Contrary to the popular notion, time doesn't heal all wounds. Rose Kennedy put it this way:
"It has been said, 'time heals all wounds.' I do not agree. The wounds remain. In time, the mind, protecting its sanity, covers them with scar tissue and the pain lessens, but it is never gone."1
Her statement precisely illustrates what I see married couples experience when the trust between them is lost. Though they try masking the emotional pain, uncertainty and anxiety which results from such a loss, these effects remain until spouses dedicate the time needed to address them directly. Moreover, there is a high likelihood that avoiding these underlying issues will lead to further points of tension and additional breaches of trust.
When Marital Connection is Lost
Dr. Sue Johnson, a brilliant researcher on couples attachment, describes how "losing connection with our loved one jeopardizes our our sense of security." She also explains how this loss of security and connection can be overwhelming, contributing to the development of a "primal panic" and "vicious spirals of insecurity."2
These spirals can easily become pervasive, characterizing the majority of interactions between spouses and involving what Dr. John Gottman terms the 4 Horsemen of the Apocalypse: criticism, defensiveness, contempt and stonewalling.3
Starting to Rebuild Trust
It is essential married couples recognize when their attempts to connect emotionally, and to ultimately rebuild trust, are being affected by the patterns identified by Dr. Johnson and Dr. Gottman. Why? Because trust cannot effectively be rebuilt until there is a consistent display of responsiveness, love and understanding allowing a necessary re-bonding to occur. This is why spouses must work at creating a context enabling each member to move from a place of self protection to a place of security. Let's look at how this is made possible.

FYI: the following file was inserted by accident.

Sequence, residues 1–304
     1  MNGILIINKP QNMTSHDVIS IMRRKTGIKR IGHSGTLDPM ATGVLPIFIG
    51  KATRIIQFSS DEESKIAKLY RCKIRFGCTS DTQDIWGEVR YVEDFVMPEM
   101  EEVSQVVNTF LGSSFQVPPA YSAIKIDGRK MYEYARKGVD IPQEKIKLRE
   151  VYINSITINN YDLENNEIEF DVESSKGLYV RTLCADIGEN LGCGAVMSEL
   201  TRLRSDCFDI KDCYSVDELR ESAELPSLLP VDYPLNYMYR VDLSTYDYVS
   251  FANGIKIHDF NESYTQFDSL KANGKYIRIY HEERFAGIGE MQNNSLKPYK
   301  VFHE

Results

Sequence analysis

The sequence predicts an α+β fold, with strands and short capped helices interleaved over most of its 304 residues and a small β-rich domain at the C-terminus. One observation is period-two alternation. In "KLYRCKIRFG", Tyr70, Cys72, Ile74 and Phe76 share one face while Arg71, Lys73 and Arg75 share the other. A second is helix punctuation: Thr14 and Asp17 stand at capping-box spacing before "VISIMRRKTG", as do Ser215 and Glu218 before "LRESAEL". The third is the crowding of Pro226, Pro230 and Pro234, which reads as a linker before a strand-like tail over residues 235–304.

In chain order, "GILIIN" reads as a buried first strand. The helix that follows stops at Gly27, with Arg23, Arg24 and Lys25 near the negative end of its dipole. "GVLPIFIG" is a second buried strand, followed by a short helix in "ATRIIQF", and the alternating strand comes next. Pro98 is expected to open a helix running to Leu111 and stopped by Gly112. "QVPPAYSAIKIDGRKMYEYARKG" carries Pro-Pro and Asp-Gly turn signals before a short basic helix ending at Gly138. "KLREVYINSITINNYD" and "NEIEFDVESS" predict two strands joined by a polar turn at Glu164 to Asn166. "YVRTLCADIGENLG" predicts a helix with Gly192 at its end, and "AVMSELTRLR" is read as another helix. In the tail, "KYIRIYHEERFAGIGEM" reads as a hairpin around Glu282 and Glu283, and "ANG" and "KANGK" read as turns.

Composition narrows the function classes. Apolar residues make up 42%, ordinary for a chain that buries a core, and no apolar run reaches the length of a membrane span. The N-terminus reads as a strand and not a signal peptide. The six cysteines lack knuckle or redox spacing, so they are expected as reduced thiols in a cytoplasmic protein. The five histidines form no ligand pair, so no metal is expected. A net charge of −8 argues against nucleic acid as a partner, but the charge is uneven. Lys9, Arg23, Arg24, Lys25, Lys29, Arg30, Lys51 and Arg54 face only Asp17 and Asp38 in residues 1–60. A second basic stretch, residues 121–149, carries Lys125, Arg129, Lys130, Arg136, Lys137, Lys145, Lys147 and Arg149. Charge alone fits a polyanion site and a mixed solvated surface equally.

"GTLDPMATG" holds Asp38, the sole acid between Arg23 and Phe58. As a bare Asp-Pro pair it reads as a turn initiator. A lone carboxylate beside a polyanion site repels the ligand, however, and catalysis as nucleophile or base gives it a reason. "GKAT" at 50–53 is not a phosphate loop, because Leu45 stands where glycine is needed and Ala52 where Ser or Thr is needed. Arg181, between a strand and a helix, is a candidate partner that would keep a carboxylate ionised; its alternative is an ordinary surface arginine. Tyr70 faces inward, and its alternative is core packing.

A Mind-Set to Heal
There is a process to healing broken emotional bonds and rebuilding trust, and it involves having a heart (mindset) that is open to the needs, wants and desires of the other. I make this statement knowing our natural tendency is to focus on ourselves when we are hurt by our spouse, however when a couple takes the risk of applying an other-focused mentality, they invoke a mutual respect that in turn creates a context for open communication.
There are specific elements comprising the heart or mindset I'm referring to, and I've seen couples use them to great effect in rebuilding trust:
- Love: remembering the love that brought you together and affirming your commitment to honor, serve and be loyal to your spouse all the days of your life.
- Humility: casting aside all pride, acknowledging the impact your actions had on your spouse, maintaining the fear of the Lord, and remembering the undeserved grace and love God has extended to you.
- Vulnerability: taking the risk of speaking to the underlying thoughts and emotions driving your responses toward your spouse; allowing them to see who you really are.
- Tenderness: Approaching each other with great care and tenderness as you share your experiences, needs, wants and desires.
I would also encourage you to consider the following verses and see how they relate to having a mind-set to heal.
"A soft answer turns away wrath, but a harsh word stirs up anger."
Proverbs 15:1 (ESV)
"By steadfast love and faithfulness iniquity is atoned for, and
by the fear of the Lord one turns away from evil."
Proverbs 16:6 (ESV)
"Gracious words are like a honeycomb, sweetness
to the soul and health to the body."
Proverbs 16:24 (ESV)
There is incredible wisdom found in these scriptures, making them more than a series of nice sounding words. One the contrary, they serve as the basis of the Love, Humility, Vulnerability and Tenderness described above.
Consistency Over Time
I wanted to end this article by affirming there isn't a time-frame anyone can specify for how long it takes to rebuild marital trust. What I can say is that the couples I've worked with who have consistently applied the heart related principles addressed above, are those who recover more rapidly than those who do otherwise. That is my observation, and I applaud every couple who has walked through my office doors and had the courage to love each other greatly, and show it, in the midst seeking to heal from the unspeakable pain of broken trust. You are truly incredibly people.
Eric Gomez, MS LMFT MHP
Licensed Marriage and Family Therapist
Fulfilled Christian Counseling
For more information about Fulfilled Christian Counseling, or to schedule a consultation, please contact us by clicking on the button below.
- Rose Kennedy Quote
Johnson, S. (2008). Hold me tight: Seven conversations for a lifetime of love. Little, Brown. Chicago.
- Gottman, J., & Silver, N. (1999). The seven principles for making marriage work: A practical guide from the countries foremost relationship expert.